Super Robots represent the more extravagant side of robot anime. While "Real Robots" (generally referred to as mecha) generally attempt to remain within a certain realm of realism, Super Robots focus more on flashy, over-the-top designs and weaponry. Shows featuring Super Robots were the only robot shows of the 1970s, but became much less prominent once Mobile Suit Gundam started the Real Robot movement in Japan. Recently, however, Super Robots have made a comeback in anime.
As opposed to Real Robots, which use more modest weapons like machine guns, cannons, beam rifles, and small-scale beam swords, Super Robots feature impractical, high-powered, massively-damaging attacks. Rocket Punches are par for the course, as are eye beams, chest blasters, oversized swords, axes, shuriken, arrows, yo-yos, tops, etc. Many of these weapons seem to be voice-activated...or at the very least, are called out by the pilot before they are used.
Several Super Robots are actually amalgamations of several smaller robots, formed through an unnecessarily intricate combination sequence. In these robots, each member of the team is usually responsible for a separate part of the combined robot, such as one person for the legs, one person for the arms, and one person to call out attacks.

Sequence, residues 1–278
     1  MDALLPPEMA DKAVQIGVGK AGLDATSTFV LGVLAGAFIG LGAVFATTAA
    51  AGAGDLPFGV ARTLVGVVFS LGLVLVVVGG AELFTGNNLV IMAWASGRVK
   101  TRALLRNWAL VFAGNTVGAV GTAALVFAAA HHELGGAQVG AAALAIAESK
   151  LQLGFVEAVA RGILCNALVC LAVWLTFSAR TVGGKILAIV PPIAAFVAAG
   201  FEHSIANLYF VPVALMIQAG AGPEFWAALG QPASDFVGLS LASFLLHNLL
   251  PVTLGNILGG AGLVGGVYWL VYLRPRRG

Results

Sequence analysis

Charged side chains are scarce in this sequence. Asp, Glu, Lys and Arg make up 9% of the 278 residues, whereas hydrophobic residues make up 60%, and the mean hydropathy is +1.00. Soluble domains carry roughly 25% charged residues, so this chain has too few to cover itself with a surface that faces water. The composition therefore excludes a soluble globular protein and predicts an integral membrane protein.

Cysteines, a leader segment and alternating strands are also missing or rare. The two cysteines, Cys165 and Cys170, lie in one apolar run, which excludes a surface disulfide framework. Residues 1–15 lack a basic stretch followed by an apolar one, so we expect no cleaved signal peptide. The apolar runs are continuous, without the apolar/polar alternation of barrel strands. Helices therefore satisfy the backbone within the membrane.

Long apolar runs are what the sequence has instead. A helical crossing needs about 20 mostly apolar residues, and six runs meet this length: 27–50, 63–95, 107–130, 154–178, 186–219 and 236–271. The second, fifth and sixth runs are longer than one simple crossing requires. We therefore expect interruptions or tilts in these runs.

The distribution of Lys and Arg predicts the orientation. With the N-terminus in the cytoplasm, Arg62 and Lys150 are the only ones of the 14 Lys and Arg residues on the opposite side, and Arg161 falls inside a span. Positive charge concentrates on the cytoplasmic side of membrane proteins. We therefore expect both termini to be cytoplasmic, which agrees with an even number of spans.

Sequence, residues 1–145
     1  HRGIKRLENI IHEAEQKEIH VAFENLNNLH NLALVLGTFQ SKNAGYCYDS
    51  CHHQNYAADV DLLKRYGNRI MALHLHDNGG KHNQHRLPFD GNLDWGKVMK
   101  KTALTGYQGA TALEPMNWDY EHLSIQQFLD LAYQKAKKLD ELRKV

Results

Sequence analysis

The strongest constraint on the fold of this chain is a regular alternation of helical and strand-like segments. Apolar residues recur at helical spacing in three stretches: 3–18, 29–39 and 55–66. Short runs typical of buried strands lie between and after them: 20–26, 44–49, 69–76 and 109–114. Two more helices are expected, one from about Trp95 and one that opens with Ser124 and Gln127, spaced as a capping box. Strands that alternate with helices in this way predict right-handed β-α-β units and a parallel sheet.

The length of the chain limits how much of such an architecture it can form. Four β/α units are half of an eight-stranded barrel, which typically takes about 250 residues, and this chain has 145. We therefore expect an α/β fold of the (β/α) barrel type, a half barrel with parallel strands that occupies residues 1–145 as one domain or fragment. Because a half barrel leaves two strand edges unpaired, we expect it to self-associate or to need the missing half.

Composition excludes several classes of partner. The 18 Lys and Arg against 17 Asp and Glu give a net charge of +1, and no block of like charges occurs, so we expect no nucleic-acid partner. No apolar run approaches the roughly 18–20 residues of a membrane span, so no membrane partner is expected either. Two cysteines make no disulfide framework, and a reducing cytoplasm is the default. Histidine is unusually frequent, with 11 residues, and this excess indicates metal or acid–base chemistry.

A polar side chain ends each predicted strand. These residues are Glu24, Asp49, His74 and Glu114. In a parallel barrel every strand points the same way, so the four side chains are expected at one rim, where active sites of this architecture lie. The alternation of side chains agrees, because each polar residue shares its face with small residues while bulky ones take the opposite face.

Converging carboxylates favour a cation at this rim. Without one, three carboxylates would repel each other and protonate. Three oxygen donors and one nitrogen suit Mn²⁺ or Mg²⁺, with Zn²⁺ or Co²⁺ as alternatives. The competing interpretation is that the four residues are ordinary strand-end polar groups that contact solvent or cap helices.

Notable Super Robot Anime/Manga
Mazinger Z (1972)
Mazinger Z, created by Go Nagai, was the first Japanese series to feature a robot piloted via cockpit and is therefore seen as the first true Super Robot franchise. The titular robot was created by Dr. Juuzou Kabuto; Juuzou is eventually killed, but not before revealing the robot to his grandson Kouji Kabuto. Mazinger Z stood against Dr. Hell's forces, decimating them with attacks such as the Rocket Punch, Koushiryoku (Photon) Beam, and Breast Fire.
Mazinger Z's success inspired other anime and manga studios in a way that previous robot series Tetsujin-28/Gigantor and Giant Robo did not. Mazinger Z's traits, including the variety of weapons (and their mostly English names), the hot-blooded pilot, and the "mid-season upgrade," are used even in modern Super Robot series. While the Mazinger series continued with Great Mazinger and Grendizer, the company behind Mazinger Z created another heavily-influential robot series...
Getter Robo (1974)
Getter Robo was the first Super Robot to combine from several smaller machines, in this case airplanes. When the three planes combined as Getter-1, Getter took a shape suitable for aerial combat, using its Getter Beam to waste away the enemy machines. As Getter-2, Getter was equipped with drills and became much faster to the point to where it could create afterimages. As Getter-3, Getter became heavy, suited for underwater battles. Musashi, Getter-3's pilot, was a skilled martial artist, and could use his Daizetsuzan Oroshi technique to toss the enemy.
Teamwork is a major theme in Getter Robo, as the Getter Team must work together to exploit each Getter form's strengths during their battles against the Dinosaur Empire.
Super Electromagnetic Robot Combattler V (1976)